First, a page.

Of course, when in 1963 Cosworth made the SCA, an aluminum head with a single overhead cam on the Formula Junior engine, power went up 20 hp per litre just like that. Pushrods, lord love a duck! Not even highway big rig diesel engines have used that crap for ages. NASCAR has been the good ole boy torchbearer for knitting needle valvetrains lo these past number of eons. Well them and the geniuses in Detroit City.

    • 0 avatar
      ajla

      “Good to see that GM has finally just passed the power per litre levels of normally aspirated Cosworth pushrod racing engines from 1961/1962.”

      Yes, ‘finally’.

      “Of course, Cosworth Formula Junior engines were made to run road courses with perhaps as many as ooh, 25 or 30 laps.”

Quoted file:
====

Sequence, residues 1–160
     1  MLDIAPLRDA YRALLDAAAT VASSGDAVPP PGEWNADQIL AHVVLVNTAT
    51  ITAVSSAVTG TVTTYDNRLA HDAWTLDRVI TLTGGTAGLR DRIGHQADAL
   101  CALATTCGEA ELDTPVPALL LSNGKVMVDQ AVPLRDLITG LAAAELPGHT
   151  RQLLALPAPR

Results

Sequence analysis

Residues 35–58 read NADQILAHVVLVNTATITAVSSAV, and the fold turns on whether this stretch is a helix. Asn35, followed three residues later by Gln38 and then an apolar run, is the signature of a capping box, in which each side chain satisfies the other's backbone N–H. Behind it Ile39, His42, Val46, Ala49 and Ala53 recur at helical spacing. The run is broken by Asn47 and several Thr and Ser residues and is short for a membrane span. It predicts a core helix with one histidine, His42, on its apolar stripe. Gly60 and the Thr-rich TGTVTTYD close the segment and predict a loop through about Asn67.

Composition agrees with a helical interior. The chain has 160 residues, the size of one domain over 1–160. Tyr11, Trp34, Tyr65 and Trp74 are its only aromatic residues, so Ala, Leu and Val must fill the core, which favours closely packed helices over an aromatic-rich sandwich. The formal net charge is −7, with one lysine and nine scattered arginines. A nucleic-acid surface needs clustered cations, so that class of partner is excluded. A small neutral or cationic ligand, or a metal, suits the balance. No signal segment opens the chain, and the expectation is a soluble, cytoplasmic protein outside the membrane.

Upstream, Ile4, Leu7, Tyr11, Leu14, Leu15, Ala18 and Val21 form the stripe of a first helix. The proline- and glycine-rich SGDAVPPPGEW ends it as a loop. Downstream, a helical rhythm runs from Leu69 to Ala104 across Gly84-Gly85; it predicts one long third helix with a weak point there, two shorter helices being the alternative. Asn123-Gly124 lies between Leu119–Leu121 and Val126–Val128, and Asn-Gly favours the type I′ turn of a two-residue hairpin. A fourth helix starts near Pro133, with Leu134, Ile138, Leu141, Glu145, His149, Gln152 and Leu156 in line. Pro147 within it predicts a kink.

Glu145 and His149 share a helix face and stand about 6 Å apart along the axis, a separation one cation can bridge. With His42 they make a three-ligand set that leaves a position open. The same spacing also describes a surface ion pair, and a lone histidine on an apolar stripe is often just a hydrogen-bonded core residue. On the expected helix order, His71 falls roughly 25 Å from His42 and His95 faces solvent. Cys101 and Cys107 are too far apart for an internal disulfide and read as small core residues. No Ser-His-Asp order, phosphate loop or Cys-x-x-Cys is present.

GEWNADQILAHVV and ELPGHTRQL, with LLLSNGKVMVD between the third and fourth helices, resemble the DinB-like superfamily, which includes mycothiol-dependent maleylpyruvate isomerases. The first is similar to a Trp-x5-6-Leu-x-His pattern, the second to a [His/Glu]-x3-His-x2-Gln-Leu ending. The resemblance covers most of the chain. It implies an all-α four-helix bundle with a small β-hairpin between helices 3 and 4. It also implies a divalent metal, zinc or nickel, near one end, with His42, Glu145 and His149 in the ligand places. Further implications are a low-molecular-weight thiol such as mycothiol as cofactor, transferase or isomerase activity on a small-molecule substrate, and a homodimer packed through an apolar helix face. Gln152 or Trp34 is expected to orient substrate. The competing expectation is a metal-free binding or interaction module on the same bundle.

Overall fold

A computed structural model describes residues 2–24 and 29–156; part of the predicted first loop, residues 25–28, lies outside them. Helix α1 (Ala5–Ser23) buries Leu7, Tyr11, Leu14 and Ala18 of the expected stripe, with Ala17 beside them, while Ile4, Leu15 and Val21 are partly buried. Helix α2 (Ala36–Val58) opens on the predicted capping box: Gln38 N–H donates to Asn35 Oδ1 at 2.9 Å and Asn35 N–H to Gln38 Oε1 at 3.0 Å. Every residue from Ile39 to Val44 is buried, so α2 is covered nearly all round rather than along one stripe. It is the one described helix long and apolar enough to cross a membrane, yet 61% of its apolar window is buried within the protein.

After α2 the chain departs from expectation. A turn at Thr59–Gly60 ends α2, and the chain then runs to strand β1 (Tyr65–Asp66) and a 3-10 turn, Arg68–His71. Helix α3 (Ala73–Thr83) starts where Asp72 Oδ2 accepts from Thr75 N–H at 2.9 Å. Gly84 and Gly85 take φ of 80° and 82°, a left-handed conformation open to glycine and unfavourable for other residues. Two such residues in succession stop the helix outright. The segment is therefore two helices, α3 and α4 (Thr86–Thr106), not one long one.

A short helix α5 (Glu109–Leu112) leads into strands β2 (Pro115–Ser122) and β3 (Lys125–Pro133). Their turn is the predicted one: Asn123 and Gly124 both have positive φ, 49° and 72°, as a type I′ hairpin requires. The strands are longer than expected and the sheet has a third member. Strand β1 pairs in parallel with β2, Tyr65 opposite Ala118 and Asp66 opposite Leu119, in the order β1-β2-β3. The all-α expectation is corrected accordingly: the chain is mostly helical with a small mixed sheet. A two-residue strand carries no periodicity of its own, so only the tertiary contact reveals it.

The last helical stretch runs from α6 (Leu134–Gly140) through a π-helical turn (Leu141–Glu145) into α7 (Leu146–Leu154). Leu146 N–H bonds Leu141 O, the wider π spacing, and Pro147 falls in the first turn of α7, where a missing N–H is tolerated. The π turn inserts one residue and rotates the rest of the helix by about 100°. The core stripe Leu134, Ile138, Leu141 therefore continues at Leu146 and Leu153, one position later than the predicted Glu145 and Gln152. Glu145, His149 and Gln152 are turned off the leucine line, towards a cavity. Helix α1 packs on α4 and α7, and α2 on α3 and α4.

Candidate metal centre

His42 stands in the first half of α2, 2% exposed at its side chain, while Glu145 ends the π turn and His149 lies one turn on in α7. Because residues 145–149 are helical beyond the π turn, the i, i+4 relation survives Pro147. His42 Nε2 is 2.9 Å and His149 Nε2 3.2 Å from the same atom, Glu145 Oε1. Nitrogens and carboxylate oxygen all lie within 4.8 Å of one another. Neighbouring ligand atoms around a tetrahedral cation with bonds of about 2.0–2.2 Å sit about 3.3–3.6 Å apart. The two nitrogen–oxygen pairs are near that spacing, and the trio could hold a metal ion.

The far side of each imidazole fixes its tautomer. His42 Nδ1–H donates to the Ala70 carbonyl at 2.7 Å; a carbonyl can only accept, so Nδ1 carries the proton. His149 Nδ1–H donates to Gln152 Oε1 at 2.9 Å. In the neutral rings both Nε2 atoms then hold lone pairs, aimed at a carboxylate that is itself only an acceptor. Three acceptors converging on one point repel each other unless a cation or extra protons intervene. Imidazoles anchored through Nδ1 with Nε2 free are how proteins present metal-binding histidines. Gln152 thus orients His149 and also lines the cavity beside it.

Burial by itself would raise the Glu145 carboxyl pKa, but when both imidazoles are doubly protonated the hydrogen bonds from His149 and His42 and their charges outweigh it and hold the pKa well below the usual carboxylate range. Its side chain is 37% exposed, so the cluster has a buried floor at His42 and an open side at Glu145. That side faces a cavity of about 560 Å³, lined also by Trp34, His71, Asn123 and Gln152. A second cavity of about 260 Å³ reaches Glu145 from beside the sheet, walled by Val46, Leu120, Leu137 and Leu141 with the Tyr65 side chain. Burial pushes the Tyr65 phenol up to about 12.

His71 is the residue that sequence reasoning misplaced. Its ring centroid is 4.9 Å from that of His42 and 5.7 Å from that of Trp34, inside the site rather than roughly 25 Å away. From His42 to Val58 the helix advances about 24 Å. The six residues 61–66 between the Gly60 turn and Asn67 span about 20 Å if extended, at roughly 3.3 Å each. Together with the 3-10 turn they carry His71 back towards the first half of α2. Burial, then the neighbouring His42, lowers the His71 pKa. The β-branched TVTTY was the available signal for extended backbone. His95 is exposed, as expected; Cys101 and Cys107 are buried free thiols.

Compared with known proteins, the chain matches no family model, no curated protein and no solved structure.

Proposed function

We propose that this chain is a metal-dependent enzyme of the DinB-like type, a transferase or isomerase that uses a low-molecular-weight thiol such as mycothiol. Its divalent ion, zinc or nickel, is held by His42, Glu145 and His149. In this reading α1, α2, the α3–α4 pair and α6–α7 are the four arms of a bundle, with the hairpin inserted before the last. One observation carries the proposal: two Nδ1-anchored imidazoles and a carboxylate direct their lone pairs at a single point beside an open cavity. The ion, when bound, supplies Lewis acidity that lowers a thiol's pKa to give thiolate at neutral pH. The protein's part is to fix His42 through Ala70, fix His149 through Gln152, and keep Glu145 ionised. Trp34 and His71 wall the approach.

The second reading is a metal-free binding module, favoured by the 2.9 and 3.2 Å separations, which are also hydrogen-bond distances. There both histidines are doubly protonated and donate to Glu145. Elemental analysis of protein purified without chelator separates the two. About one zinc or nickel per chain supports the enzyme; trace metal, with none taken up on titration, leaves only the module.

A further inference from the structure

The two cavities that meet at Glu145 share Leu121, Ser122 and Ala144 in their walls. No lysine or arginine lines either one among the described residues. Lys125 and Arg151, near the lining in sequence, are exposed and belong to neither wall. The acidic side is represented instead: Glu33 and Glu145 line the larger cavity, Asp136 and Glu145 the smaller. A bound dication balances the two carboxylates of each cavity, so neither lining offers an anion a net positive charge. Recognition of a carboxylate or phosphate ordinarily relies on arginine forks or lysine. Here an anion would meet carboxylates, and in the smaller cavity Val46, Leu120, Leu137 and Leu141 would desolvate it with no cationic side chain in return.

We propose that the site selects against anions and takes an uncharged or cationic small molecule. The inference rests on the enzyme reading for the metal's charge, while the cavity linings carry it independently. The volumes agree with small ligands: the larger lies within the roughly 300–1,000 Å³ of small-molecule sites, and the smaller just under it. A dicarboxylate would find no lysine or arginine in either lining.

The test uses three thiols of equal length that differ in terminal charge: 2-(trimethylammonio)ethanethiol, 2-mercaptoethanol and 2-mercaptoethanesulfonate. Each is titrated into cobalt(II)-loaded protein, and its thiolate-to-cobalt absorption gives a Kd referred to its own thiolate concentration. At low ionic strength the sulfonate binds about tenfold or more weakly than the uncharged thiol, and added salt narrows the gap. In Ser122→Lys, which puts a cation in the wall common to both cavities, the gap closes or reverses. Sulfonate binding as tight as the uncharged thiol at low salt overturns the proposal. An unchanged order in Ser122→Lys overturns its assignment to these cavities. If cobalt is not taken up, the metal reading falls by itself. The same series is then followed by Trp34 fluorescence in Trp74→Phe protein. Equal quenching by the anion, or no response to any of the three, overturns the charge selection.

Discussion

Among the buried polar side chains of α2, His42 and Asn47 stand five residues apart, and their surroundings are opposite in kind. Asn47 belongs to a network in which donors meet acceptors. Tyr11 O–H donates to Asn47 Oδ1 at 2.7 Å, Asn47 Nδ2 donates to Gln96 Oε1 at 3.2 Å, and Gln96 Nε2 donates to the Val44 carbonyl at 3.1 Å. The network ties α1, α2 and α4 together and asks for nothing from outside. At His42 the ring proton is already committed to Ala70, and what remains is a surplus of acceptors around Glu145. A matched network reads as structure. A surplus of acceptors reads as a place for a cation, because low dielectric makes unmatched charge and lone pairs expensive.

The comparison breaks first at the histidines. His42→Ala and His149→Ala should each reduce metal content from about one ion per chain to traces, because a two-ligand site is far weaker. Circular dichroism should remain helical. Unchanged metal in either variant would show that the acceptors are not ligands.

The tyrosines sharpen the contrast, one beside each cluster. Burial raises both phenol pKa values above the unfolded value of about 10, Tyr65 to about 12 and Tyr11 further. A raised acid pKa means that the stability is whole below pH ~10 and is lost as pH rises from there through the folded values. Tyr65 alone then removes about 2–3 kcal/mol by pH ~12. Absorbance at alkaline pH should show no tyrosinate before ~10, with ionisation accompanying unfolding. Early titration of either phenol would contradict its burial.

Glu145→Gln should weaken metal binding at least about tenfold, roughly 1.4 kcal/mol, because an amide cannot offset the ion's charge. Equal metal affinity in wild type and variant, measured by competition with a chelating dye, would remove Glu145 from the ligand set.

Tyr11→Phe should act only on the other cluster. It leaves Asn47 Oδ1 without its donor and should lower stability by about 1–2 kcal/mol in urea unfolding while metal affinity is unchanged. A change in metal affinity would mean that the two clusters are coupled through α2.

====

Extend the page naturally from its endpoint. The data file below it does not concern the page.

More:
It is well known that GM has never made a race car engine that ran at a road course.

      “when in 1963 Cosworth made the SCA, an aluminum head with a single overhead cam on the Formula Junior engine, power went up 20 hp per litre just like that.”

      It is also well known that GM has never made an OHC race car engine.

      Are you doing a bit or something?

    • 0 avatar
      SPPPP

      If this offends you somehow, perhaps you should peruse the OHC V8 engines available in wrecked Cadillacs, or the occasional Corvette. You could even seek out the CT6 Blackwing, with 131hp/L … but apparently only 800 of them were made.
      https://www.roadandtrack.com/new-cars/car-technology/a32718026/what-happened-to-the-cadillac-blackwing-v-8/

      I think the proposition boils down to, “Look, bud, do you want the 1004 HP or don’t you? I have paying customers waiting in line.”

      As for road racing, would you not count the Trans-Am or Can-Am series? Seems like OHV Chevrolet engines did OK on those courses.

  • avatar
    SPPPP

    So what do you guys think; is there a bellhousing that will fit a Bugatti Veyron? I couldn’t find one in Summit Racing. ;)